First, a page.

AFP Clinical Answers

Breast Cancer Screening, Plantar Warts, IUD Insertion, Osteoporosis, Anal Fissures


Am Fam Physician. 2021 Feb 15;103(4):207.

What is the most effective breast cancer screening strategy in women at average risk?

According to the American College of Physicians, the most significant breast cancer screening benefit for women at average risk is from biennial mammograms in women 50 to 74 years of age, which can decrease breast cancer–related deaths without affecting overall longevity. Annual mammography increases false-positive results by 45% with little to no difference in outcomes. Starting screening at age 40 has a small effect on breast cancer mortality at the cost of increasing false-positive results by more than 60%. There is no mortality benefit to screening women 75 years or older or with a life expectancy less than 10 years because screening benefits are not seen for 11 years.

Is cryosurgery more effective than salicylic acid in the treatment of plantar warts?

Cryosurgery is as effective as daily treatment with salicylic acid in the treatment of plantar warts, with higher reported patient satisfaction.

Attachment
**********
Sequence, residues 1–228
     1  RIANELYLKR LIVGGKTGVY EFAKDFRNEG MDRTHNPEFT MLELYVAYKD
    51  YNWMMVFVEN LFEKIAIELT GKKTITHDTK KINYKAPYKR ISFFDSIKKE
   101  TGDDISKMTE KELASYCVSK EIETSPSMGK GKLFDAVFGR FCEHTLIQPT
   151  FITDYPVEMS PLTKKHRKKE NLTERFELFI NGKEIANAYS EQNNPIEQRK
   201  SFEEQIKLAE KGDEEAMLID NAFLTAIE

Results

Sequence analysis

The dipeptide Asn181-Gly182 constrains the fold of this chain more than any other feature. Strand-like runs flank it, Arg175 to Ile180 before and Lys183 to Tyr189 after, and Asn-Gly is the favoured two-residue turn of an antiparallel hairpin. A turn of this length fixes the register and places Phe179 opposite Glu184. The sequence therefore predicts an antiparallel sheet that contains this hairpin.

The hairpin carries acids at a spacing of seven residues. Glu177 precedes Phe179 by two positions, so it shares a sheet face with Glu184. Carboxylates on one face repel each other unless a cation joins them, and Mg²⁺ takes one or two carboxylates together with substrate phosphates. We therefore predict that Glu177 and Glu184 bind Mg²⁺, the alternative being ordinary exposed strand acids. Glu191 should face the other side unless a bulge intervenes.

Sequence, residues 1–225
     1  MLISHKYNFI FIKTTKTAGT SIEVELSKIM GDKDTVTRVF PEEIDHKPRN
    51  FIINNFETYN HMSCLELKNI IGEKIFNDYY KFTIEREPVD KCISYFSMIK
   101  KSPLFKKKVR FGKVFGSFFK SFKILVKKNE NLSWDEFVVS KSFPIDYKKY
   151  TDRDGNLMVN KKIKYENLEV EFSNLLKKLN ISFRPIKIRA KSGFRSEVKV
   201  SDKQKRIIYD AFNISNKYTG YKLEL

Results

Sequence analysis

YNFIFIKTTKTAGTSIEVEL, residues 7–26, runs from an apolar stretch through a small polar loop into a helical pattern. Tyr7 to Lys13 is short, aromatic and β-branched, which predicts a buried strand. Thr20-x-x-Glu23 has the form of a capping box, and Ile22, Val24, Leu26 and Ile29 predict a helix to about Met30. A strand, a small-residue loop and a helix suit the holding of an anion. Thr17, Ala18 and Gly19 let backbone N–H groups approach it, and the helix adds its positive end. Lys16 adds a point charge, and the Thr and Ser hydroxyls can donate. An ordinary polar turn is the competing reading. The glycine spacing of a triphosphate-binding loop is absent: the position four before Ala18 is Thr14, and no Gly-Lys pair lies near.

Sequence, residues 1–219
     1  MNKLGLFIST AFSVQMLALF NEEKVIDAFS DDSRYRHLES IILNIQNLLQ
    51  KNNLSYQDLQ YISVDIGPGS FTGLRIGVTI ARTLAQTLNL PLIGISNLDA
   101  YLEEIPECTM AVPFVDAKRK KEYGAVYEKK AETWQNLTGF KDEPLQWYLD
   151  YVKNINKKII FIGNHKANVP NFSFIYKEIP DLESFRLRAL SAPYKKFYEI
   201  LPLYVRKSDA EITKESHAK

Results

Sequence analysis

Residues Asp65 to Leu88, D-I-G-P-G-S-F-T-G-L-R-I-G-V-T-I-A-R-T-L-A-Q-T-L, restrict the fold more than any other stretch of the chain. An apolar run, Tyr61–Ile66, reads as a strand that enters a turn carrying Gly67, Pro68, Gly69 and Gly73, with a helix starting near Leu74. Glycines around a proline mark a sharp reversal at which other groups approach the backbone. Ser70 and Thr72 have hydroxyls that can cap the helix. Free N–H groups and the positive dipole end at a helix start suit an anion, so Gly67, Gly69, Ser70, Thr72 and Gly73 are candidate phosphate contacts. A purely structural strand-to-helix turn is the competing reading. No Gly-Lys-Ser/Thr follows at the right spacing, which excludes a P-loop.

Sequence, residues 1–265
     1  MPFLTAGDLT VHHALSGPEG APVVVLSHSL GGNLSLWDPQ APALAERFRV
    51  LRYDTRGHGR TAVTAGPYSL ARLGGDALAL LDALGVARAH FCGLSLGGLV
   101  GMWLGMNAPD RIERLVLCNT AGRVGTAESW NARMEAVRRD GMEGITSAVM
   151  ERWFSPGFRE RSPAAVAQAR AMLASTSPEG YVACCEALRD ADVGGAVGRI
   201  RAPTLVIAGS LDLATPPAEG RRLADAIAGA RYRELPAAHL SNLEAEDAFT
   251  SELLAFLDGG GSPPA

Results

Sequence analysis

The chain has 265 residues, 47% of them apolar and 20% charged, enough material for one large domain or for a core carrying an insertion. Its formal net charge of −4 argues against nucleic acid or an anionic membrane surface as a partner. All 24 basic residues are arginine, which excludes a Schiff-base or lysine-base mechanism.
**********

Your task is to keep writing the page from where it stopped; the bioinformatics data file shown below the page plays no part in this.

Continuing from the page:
Do preprocedure medications affect the pain of IUD insertion?

A meta-analysis of randomized controlled trials found that topical lidocaine preparations including gels, creams, and sprays modestly decrease pain with tenaculum placement but not during intrauterine device (IUD) insertion. The use of a paracervical block with unbuffered lidocaine does not decrease pain with either step. However, a paracervical block using buffered lidocaine may decrease pain with uterine sounding and IUD placement, and overall pain. Tramadol and naproxen administered one hour before the procedure decrease pain with IUD placement.

How should osteoporosis be monitored in adults with cerebral palsy?

In patients 18 years or older with cerebral palsy, the Fracture Risk Assessment Tool or the QFracture tool can be used to determine whether the patient's risk of osteoporosis merits treatment.



Copyright © 2021 by the American Academy of Family Physicians.
This content is owned by the AAFP. A person viewing it online may make one printout of the material and may use that printout only for his or her personal, non-commercial reference. This material may not otherwise be downloaded, copied, printed, stored, transmitted or reproduced in any medium, whether now known or later invented, except as authorized in writing by the AAFP. Contact for copyright questions and/or permission requests.

Want to use this article elsewhere? Get Permissions

More in AFP

Editor's Collections

More in Pubmed


May 2022

Access the latest issue of American Family Physician

Read the Issue

Email Alerts

Don't miss a single issue. Sign up for the free AFP email table of contents.

Sign Up Now

Navigate this Article